the film
Commentaries and editorials

We will Save Our Salmon
by Investing in Innovation
-- Not by Paying Lawyers

by Patricia Barclay
The Idaho Statesman, June 5, 2005

Whether or not Judge James Redden's decision leads to mandates on how the four lower Snake River dams are operated and how much water is taken from Idaho farmers remains to be seen. But the occasion should provide an opportunity to review history and should cause us to examine what is important and how we can accomplish it.

In the last five years, hatchery salmon have returned in record numbers. The four lower Snake River dams are still producing power. In fact, only four of the 25 endangered or threatened West Coast salmon and steelhead runs pass those dams. Tearing them out will do nothing to benefit the Snake River runs or the other 21 runs.

This year the spring chinook run is well below biologists' estimates. The cause is unknown, but many experts point to changing ocean conditions as the one factor that is different from last season.

Groups have staked out positions on both sides, and lots of rhetoric has been flung around. Perhaps now is the time to ask questions and look at possible solutions.

We fish for hatchery fish -- not endangered wild fish. The economic benefits come from hatchery fish. Many hatcheries are supported by revenue from the power produced by the lower Snake River.

Money from power sales supports a new style of hatchery that more closely mimics nature and could result in hatchery fish that are closer to their wild cousins and that return in larger numbers. Without the funds from power sales, who will fund those hatcheries?

We use the waterway created by the dams to ship goods from the Northwest around the world. One barge takes 134 trucks off our highways, using less fuel and producing fewer emissions.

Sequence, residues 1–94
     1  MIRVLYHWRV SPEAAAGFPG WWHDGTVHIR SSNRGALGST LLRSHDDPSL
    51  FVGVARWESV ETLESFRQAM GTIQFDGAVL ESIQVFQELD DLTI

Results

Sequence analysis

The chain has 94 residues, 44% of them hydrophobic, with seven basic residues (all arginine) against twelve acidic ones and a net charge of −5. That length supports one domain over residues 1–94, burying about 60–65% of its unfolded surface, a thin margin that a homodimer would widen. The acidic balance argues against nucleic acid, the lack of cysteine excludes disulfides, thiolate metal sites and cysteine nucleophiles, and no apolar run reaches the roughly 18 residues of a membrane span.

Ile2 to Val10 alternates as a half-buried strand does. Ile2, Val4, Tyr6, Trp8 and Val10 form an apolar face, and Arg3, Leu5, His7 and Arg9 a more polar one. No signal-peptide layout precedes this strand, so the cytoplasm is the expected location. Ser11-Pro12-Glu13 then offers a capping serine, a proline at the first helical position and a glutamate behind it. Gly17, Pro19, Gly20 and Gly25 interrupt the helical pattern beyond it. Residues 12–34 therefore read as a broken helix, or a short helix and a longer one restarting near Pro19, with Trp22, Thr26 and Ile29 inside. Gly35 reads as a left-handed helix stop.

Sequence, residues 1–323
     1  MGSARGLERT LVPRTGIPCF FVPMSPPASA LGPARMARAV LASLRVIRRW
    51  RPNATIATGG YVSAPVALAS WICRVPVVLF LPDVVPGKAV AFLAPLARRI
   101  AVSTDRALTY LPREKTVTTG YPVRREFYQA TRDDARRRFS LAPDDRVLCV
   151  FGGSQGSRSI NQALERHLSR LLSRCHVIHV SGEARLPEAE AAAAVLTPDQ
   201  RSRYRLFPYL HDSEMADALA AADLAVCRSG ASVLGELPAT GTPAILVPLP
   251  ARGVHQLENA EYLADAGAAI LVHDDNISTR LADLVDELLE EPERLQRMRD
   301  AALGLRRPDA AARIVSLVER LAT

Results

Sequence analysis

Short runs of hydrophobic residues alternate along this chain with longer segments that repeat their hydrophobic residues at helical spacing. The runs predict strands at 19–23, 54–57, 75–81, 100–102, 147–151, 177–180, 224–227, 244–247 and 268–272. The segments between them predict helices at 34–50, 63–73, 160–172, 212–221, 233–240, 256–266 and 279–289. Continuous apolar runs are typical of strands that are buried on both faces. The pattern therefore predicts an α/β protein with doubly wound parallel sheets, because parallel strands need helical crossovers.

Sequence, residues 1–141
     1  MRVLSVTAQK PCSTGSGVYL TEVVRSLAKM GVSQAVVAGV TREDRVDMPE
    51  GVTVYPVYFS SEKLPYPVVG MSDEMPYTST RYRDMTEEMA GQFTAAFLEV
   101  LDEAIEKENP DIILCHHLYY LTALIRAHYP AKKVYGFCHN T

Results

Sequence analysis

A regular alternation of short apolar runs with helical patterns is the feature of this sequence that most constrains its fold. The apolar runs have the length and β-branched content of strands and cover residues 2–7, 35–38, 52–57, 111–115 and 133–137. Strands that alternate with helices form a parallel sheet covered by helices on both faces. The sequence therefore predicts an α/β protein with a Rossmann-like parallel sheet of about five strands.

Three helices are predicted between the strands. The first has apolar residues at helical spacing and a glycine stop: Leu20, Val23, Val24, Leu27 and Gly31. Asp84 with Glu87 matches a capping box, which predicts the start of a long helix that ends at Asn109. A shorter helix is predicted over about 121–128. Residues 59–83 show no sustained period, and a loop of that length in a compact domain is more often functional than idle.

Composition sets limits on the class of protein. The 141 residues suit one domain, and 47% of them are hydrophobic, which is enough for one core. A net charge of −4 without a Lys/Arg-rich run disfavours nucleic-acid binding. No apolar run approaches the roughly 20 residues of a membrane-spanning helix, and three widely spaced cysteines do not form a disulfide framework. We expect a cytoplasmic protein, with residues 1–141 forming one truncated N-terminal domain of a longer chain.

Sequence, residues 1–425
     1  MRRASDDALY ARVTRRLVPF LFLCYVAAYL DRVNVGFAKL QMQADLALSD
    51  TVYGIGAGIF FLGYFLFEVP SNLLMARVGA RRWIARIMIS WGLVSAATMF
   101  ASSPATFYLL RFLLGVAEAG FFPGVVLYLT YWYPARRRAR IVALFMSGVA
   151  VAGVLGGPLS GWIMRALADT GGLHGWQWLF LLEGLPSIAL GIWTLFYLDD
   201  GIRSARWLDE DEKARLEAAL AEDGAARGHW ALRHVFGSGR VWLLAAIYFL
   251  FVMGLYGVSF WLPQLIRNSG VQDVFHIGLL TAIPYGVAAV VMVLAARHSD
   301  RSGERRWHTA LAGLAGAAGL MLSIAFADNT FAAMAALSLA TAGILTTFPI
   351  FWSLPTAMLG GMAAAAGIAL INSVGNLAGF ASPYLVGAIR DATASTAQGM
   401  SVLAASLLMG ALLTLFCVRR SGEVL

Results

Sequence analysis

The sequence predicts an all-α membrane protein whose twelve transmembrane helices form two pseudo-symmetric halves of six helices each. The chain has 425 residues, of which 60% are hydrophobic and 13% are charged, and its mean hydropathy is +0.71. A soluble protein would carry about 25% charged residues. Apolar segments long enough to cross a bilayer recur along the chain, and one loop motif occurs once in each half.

The dams produce cheap power; however, it is that cheap power that allows Northwest manufacturers to compete in a global market. Destroying the dams will require additional sources of power at higher prices with their own environmental impacts.

The $64,000 question is whether we must trade salmon fishing for a growing economy that provides jobs that support Northwest families. The answer is no.

We are learning to mimic nature when we raise hatchery fish.

We've tested spillway wiers that allow smolt to pass a dam using a minimum amount of water, letting irrigation, navigation and power production continue.

We move smolt through the reservoirs in barges -- in fact, many of the fish that returned to the Snake Rivers in abundance during recent years made part of their journey in barges.

If barging fish seems unnatural, we can create artificial streams that bypass reservoirs and dams, allowing the fish to move more quickly to the ocean. That technology has been used successfully in other places.

We have even tested strobe lights and sound systems that can guide fish into bypasses.

We can choose a future with dams and salmon for fishing, but it's going to require us to focus on spending our resources doing things to recover salmon rather than paying lawyers to argue in court.

Patricia Barclay is executive director of the Idaho Council on Industry & Environment, a nonprofit group that promotes the use of facts, science and balanced discussion in making environmental-policy decisions.
We will Save Our Salmon by Investing in Innovation -- Not by Paying Lawyers
The Idaho Statesman, June 5, 2005

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